College students will have to use a new two-step verification system starting Oct. 19 to access most online Harvard resources, including my.havard and Canvas.
The change follows recent updates to Harvard’s authentication systems, including the implementation of HarvardKey last spring, which required students to log into online services using new login and password credentials.
However after a network intrusion in June, Harvard has advised students to consider changing their passwords and is requiring students to activate the two-step verification system. Christian Hamer, Harvard’s chief information security officer, notified undergraduates of the impending change in an email in late September.
The new system requires students to verify themselves using another device, commonly a mobile phone, when logging into HarvardKey protected accounts. According to the HUIT website, students have the option to verify their login with each use or can select an option to "remember me” for 30 days.
The HUIT website states that Harvard’s online services and accounts are high-priority targets for hackers, but the new system will increase security protections for direct deposit information, research data, intellectual property, and personal information.
“Two-step verification is an extra layer of security designed to ensure that you're the only person who can access your Harvard account, even if your password is stolen,” the HUIT website reads.
Several students have expressed frustration with the new system, characterizing it as inconvenient.
“I’m kind of annoyed that I have to go on my phone and use the app,” said Thang Diep ’19. “It’s an extra app on my phone that I don’t need.”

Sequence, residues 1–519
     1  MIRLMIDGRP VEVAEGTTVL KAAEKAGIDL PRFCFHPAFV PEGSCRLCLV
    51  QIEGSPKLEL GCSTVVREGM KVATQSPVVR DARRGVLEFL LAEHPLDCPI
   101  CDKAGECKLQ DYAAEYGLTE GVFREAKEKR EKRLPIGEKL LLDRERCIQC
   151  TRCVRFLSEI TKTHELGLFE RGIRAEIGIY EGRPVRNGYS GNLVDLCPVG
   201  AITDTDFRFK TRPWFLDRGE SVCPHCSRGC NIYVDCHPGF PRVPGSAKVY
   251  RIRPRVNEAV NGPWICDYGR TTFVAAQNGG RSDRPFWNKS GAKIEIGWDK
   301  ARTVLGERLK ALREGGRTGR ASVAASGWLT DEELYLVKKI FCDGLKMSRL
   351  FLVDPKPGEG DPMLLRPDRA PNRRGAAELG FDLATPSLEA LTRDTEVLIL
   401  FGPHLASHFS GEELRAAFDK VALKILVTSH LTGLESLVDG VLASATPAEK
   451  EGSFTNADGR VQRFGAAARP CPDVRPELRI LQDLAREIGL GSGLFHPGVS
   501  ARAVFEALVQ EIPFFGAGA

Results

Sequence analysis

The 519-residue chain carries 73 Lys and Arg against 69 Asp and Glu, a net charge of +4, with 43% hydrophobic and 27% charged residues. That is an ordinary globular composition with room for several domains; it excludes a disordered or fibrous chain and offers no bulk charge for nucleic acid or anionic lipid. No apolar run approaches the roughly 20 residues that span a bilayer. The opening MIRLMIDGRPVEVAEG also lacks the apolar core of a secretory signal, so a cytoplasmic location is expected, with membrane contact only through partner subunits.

The HUIT website strongly recommends that users add a second device when setting up their two-step verification accounts, which would enable them to authenticate their logins if they don’t have access to their primary devices. However, some students perceive this added step as overly burdensome.
“It’s been surprisingly inconvenient,” said Audrey H. Effenberger ’19. “I was borrowing someone else’s computer and it was a struggle with the new system trying to get into my account.”
While the security modifications have been met with some hesitations, students said they still appreciate HUIT’s efforts to protect their information.
“I have yet to feel annoyed by the verification when in a time crunch,” said Audrey S. Thorne ’19. “It honestly doesn’t take that long and even though I don’t think I have anything worth hacking, the added security is reassuring.”
Thomas LaSalle ’19 expressed a similar mindset. “I understand that it's in our best interest for our security,” he said. “It doesn't really bother me.”
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